Prototype of First US Dollar Coins Going Up for Auction

A piece of copper that was struck by the U.S. Mint in Philadelphia in 1794 and was a prototype for the fledgling nation’s money will go up for auction.

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This undated photo provided by Heritage Auctions shows the front of a piece of copper that was struck by the U.S. Mint in Philadelphia in 1794 and was a prototype for the fledgling nation's money. The item, which is known as the “No Stars Flowing Hair Dollar," is owned by businessman and Texas Rangers co-chairman Bob Simpson and will go up for auction at Heritage Auctions in Dallas on Friday, April 23, 2021. (Emily Clements/Heritage Auctions via AP)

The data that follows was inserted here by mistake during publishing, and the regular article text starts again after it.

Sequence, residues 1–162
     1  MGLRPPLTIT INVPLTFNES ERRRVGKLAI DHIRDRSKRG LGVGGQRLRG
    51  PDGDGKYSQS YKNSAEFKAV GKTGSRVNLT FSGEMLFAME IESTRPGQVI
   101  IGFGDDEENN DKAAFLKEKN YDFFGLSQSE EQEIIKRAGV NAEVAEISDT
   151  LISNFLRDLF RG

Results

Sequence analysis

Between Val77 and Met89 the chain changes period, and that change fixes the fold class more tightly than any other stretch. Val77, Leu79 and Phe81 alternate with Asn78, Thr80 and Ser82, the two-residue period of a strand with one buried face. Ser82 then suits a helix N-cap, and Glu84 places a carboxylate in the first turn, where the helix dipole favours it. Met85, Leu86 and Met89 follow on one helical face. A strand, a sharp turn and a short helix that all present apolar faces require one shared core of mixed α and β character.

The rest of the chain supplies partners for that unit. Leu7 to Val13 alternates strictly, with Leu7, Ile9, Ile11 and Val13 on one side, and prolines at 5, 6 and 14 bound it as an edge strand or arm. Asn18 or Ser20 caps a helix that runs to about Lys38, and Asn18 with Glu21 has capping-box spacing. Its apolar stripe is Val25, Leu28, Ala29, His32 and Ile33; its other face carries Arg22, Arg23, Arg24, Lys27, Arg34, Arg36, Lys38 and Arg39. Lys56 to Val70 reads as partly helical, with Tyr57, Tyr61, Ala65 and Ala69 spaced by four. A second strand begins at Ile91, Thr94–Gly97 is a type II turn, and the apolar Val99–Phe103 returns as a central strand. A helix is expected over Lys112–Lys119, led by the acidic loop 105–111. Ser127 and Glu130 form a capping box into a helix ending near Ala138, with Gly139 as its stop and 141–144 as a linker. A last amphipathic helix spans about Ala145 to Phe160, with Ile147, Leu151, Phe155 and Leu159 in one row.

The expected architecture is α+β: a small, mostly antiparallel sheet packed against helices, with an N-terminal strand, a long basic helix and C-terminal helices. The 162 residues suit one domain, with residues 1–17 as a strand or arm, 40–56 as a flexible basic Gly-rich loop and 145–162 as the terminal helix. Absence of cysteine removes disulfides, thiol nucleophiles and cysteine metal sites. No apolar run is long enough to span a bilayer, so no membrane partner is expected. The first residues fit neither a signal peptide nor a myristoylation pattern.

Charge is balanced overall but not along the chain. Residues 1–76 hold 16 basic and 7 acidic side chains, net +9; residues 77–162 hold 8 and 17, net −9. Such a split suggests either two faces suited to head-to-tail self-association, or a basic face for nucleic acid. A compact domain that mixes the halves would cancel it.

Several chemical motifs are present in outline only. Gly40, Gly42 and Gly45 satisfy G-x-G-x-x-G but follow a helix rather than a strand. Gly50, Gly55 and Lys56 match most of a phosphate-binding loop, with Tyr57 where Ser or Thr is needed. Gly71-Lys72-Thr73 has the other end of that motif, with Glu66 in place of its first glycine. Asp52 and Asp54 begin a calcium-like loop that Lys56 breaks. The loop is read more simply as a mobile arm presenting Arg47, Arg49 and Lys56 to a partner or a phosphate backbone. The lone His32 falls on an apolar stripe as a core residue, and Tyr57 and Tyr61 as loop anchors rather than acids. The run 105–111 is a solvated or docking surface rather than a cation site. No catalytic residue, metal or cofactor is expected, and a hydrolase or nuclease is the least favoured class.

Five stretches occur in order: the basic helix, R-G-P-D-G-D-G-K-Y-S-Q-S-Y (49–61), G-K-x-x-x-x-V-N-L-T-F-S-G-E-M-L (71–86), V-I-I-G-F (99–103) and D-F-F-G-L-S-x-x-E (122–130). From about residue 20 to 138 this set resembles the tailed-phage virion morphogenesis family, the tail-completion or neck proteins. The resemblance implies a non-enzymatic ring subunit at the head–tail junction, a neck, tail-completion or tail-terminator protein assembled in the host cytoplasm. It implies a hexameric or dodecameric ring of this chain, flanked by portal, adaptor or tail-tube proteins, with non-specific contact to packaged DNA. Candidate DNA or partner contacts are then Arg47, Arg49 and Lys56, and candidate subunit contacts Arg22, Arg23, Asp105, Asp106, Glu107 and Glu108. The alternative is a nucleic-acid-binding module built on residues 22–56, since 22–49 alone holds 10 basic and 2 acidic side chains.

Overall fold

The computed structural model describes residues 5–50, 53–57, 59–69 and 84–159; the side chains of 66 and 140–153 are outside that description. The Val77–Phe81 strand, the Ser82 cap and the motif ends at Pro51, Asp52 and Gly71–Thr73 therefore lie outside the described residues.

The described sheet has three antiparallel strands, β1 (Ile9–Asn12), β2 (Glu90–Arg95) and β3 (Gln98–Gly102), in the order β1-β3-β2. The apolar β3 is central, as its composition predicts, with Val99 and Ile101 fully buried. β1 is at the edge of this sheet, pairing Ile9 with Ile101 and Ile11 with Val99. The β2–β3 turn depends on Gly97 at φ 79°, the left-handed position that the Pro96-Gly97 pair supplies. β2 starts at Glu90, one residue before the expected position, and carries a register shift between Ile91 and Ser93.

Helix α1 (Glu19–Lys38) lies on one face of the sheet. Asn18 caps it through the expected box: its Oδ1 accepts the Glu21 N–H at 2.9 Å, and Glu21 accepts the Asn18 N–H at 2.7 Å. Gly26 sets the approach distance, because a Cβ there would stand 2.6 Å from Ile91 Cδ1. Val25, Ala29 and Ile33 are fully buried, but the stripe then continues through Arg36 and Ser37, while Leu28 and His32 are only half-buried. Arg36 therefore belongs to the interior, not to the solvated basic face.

Image via AP Photo/Emily Clements

This article was republished here with permission from The Associated Press, however it is no longer available to read on Snopes.com.

A piece of copper that was struck by the U.S. Mint in Philadelphia in 1794 and was a prototype for the fledgling nation’s money will go up for auction Friday. Businessman and Texas Rangers co-chairman Bob Simpson owns the item, which is known as the “No Stars Flowing Hair Dollar.” While it closely resembles silver dollars that were later minted in Philadelphia, it gets its name because it is missing stars. “While subsequent dollar coins…

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